Catcher Carlos Ruiz received the Gibby for X-Factor of the Year, because of the way he handled the Phils’ pitching staff in 2010. Roy Oswalt received the Gibby for the Oddity of the Year, as he became the first Phil pitcher, since Brian Wilson in 1971, to play a field position, as he played left field during an extra-inning game against his old Astros team on August 26, 2010. And the final two Gibbies that were won by a Phil went to Roy Hallady, as he was voted the Starting Pitcher of the Year for his record of 21-10 with a 2.44 ERA, which included his perfect game performance against the Florida Marlins and for the Postseason Moment of the Year for his No-Hitter against the Cincinnati Reds on October 6, 2010.
In a move that came completely out of the blue, the Phils have just signed free agent Cliff Lee to a five-year, $120 million contract, with a vesting option for a sixth year, beating the New York Yankees, who had offered Lee a six-year deal worth $135 million, with a vesting option for a seventh year, and the Texas Rangers, who had offered him a six-year deal worth $138 million, and with a vesting option for a seventh season. With this move, Lee returns to Philadelphia, after having been traded by the Phils to the Seattle Mariners, almost a year ago, giving the Phils a starting rotation that now have four aces (Lee, NL Cy Young Award Roy Halladay, Roy Oswalt and Cole Hamels), that will be haunting the NL, especially the NL East, for at least a year (depending on whether Hamels will be resigned after the season, and if Oswalt decides not to retire after 2012.).
Lee, in 2010, as he pitched for first the Mariners, then the Rangers, went 12-9 with an ERA of 3.18, as he started in 28 games, pitching 212.1 innings, throwing seven complete games, including a shut out, as he struck out 185 batters, while walking only eighteen during the season. In the post-season, he helped pitched the Rangers into their first World Series appearance, before falling to the 2010 World Champions San Francisco Giants, as he went 3-2 overall for the Rangers.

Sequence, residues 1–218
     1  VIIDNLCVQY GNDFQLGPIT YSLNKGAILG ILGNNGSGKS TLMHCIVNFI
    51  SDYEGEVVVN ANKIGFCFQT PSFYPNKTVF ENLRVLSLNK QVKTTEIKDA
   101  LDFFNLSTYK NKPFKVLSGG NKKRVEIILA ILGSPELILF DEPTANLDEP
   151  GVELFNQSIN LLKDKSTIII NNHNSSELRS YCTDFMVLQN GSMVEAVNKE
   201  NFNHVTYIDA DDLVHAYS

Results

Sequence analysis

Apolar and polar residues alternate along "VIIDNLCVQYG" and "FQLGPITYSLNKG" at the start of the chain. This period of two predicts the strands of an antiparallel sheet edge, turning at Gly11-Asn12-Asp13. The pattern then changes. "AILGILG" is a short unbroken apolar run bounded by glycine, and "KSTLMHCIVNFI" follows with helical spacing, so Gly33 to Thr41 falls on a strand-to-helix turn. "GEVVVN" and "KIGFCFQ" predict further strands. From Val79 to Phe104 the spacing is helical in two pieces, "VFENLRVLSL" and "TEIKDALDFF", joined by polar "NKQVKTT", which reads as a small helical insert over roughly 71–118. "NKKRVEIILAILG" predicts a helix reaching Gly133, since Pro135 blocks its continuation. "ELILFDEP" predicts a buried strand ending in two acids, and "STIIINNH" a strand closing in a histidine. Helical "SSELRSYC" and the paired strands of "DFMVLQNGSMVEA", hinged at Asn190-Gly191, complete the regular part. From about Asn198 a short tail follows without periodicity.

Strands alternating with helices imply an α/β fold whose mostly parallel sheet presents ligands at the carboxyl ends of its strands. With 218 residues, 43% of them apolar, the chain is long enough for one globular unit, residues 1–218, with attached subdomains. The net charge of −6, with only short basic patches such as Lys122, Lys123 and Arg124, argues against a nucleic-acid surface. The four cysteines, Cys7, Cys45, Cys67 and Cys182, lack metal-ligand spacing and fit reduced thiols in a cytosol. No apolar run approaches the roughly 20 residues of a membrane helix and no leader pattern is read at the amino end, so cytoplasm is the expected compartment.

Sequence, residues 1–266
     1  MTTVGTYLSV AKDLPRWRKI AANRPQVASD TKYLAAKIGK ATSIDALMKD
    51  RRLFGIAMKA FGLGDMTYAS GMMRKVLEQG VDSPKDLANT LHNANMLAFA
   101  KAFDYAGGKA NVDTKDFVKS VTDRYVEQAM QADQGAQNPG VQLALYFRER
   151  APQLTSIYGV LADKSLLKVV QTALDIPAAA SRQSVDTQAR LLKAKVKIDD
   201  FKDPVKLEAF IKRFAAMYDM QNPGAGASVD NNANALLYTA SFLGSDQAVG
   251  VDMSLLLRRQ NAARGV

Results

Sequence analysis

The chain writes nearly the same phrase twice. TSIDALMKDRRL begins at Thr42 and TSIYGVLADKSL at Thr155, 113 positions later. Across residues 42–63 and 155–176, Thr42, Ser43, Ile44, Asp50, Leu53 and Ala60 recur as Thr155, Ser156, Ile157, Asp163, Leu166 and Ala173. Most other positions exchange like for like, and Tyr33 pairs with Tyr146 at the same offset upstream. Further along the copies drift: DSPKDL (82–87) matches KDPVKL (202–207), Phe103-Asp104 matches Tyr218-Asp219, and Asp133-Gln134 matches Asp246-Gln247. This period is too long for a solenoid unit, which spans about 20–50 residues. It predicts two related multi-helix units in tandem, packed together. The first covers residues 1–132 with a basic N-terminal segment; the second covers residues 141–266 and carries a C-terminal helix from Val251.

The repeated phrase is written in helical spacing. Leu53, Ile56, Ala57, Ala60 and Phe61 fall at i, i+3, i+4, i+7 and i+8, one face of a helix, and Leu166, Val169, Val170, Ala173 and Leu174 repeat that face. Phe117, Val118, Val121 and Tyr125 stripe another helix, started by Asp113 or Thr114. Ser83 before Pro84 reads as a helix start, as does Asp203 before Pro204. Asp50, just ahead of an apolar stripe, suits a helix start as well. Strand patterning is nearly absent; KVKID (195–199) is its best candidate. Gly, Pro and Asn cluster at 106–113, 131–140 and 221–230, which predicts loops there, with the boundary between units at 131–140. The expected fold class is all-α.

The Phils will more than likely have to trade someone(s) to help them better afford their move. There is already rumors flying around that they have been trying to ship off Joe Blanton and or Raul Ibanez as a salary dump, with them willing to pay for part of Blanton’s salary to move him. I do not know if any of them is true, but, if they need to move someone, it should be Kyle Kendrick, not Blanton. After all, Blanton has been a bit more consistant, pitching wise, than has Kendrick, and he would be a lot better backup to the now Big Four than might Kendrick. Whatever does happen, I hope Ruben will know what he’s doing, although there does seem to be some method to his madness.